Foreign Language Learning for Learning Disabled Students


Foreign language study is an increasingly prominent part of education everywhere. Nearly all school students are required to study a foreign language. For the student unencumbered by a learning disability, foreign language study is indeed an enriching and rewarding experience. For the learning disabled student, however, it can be an unbelievably stressful and humiliating experience -the opposite of what is intended.

While it has long been recognized in the learning disabilities field that foreign language study would be a terrific challenge for learning disabled students, somehow this fact has been widely ignored in the field of foreign language instruction and in schools in general until very recently. More and more teachers have students who have great difficulty mastering English because of learning disabilities. This fact has added some urgency to the need for recognition of this problem. As more research is being done and more teachers are recognizing the problem, more solutions are being created for the student facing the challenge of learning a foreign language and the teachers who teach them.

Most learners experiencing difficulty with foreign language learning have problems with ‘phonological awareness’. That is, they have trouble with the basic sound units of language, phonemes, and do not recognize or otherwise manipulate these basic units of sound efficiently. As a result, the student may have difficulty with the actual perception and production of language necessary for basic comprehension, speaking and spelling, or with language comprehension, which may affect understanding and/or production of language on a broader scale. Excellent language learners are strong in all three linguistic codes, and conversely, very poor language learners are weak in all three.

In between, however, are students who may be quite glib and able to do conversational language, but who have great difficulty with grammar and writing in the new language, or the opposite kind of student who perhaps reads and writes fairly well, but cannot speak with a good accent in the foreign language or cannot understand very much of what is spoken to him or her. These difficulties may spring from deficits in the native language.
So how learning disabled students can be helped to learn a foreign language? At least two approaches to foreign language instruction different from ‘normal’ or traditional language instruction have emerged as being effective.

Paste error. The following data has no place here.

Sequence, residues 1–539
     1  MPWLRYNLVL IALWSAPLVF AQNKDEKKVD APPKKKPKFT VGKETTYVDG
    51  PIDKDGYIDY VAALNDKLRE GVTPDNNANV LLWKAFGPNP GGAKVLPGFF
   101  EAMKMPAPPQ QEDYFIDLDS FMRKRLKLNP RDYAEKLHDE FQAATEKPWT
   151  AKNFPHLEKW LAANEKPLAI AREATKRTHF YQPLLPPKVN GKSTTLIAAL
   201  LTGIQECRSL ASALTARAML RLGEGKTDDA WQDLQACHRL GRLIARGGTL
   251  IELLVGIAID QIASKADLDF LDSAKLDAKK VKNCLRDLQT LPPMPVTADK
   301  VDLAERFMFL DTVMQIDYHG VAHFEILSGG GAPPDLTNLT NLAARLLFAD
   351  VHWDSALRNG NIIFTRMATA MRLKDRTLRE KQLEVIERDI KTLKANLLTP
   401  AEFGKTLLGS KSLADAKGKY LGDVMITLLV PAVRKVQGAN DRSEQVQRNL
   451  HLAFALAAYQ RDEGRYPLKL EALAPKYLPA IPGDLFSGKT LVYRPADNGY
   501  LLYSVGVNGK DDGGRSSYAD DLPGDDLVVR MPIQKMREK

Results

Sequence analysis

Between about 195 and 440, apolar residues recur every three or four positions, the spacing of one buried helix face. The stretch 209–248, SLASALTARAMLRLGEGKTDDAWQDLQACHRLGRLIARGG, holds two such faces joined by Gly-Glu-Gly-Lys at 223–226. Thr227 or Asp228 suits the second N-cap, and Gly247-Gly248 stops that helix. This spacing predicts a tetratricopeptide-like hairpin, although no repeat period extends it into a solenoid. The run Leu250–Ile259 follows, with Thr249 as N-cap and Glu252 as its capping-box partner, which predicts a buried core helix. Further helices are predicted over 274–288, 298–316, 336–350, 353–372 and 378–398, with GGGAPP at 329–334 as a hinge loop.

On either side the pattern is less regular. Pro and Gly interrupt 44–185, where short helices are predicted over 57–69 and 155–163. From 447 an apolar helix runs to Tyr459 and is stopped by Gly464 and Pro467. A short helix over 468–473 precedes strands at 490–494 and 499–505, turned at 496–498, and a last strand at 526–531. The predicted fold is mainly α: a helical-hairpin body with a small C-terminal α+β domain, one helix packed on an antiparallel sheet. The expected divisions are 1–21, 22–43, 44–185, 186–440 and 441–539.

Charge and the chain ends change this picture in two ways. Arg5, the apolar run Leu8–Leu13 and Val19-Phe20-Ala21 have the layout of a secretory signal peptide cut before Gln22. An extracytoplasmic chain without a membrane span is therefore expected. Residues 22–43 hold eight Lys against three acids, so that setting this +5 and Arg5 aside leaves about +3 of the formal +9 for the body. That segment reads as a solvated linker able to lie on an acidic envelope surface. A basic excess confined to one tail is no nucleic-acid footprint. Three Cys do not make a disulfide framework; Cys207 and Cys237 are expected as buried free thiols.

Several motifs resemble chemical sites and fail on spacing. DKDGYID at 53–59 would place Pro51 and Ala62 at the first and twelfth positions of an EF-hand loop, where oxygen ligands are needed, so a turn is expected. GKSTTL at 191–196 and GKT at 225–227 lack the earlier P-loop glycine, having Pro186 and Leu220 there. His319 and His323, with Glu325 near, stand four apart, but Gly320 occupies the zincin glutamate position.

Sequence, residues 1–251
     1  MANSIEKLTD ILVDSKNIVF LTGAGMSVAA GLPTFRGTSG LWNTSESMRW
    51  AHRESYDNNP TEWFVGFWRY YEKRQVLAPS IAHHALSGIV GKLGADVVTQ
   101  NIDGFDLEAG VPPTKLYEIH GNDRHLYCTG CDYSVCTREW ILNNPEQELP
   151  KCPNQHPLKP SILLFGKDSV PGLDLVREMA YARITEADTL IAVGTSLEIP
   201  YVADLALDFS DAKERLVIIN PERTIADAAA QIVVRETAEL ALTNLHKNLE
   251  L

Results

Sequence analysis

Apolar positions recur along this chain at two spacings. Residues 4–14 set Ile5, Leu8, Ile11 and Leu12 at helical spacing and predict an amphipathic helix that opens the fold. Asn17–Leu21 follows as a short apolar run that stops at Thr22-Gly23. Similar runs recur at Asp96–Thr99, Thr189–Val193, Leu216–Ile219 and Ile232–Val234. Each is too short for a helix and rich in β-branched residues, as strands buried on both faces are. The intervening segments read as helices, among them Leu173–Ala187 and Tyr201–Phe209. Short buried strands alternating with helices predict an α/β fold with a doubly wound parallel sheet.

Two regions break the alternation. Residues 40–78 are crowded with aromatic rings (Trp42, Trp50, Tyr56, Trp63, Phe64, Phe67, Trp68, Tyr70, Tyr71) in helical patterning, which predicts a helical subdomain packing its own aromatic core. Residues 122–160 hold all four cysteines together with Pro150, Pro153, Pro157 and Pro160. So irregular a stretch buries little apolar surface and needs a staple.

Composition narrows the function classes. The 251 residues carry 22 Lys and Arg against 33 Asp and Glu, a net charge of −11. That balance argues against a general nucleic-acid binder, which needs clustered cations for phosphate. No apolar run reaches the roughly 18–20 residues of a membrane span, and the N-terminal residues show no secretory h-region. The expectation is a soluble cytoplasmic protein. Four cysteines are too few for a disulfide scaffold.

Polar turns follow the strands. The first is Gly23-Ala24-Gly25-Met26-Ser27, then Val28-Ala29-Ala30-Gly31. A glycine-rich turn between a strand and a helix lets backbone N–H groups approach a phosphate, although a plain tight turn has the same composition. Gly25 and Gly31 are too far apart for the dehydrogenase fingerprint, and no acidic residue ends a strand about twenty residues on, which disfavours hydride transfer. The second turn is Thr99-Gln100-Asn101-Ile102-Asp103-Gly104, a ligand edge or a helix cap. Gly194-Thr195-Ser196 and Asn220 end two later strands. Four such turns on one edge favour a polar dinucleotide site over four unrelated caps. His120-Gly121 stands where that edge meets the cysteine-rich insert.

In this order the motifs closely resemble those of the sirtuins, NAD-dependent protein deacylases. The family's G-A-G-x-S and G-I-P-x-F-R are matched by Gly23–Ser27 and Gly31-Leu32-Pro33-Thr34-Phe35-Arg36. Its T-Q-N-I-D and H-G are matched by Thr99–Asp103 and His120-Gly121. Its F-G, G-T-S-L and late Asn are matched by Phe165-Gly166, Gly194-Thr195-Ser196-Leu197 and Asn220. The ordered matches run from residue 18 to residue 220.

The first and most researched approach claims that many, if not most, students having trouble with foreign language acquisition have phonological deficits in their first language. If we follow this approach then the sound system of the target language must be very explicitly taught. Sounds in the target language must be presented in a highly structured fashion with a great deal of visual, kinesthetic and tactile practice and input.
The second approach to language instruction advocates the adaptation of foreign language courses according to principles of instruction known to be effective for LD students. This means making such changes as reducing the syllabus to the essential elements, slowing the pace of instruction quite considerably, reducing the vocabulary demand, providing constant review and incorporating as much visual/tactile/kinesthetic (i.e. multisensory) stimulation and support as possible.

While it is good news that the underlying cause of problems with foreign language learning has been tentatively identified and that ways have been found to teach LD students foreign language, two major problems remain. The first is that it is relatively rare that a school can, or more importantly, is willing to, devote an entire foreign language section or class to LD students. The second is that finding teachers trained to teach foreign language to LD students is even rarer. Most often in the real world, LD students find themselves in a classroom of so-called ‘normal’ language learners. In this case, the students must rely on the willingness of the teacher to be inventive and flexible and on the school to accommodate the student to the best of its ability. As any LD student and his or her family will tell you, this is rarely a smooth process. It is almost equally painful when a teacher recognizes the needs of a particular student, but does not have the time or resources or support to be able to adequately accommodate that student.

As with any aspect of learning no single solution is good for everybody. Stories abound of learning disabled students who have learned a foreign language one way or another. The question to be asked however, is what ‘learned’ means. Consequently, a realistic assessment of the student’s situation, problems and needs should be done. In other words, what the student may be able to do in a language and what the learning situation offers may not match at all.

Teachers should be aware that as with all things associated with learning disabilities, the answers are often complex and long-term, and everyone student’s problem and solution is likely to be different. What is most important is that the problem of foreign language learning for the learning disabled be recognized for what it is and that the student be fairly and reasonably accommodated. Hopefully, as learning disabilities personnel, foreign language professionals and others become more aware of the research and literature, the path for the LD student facing foreign language requirements will become smoother. •

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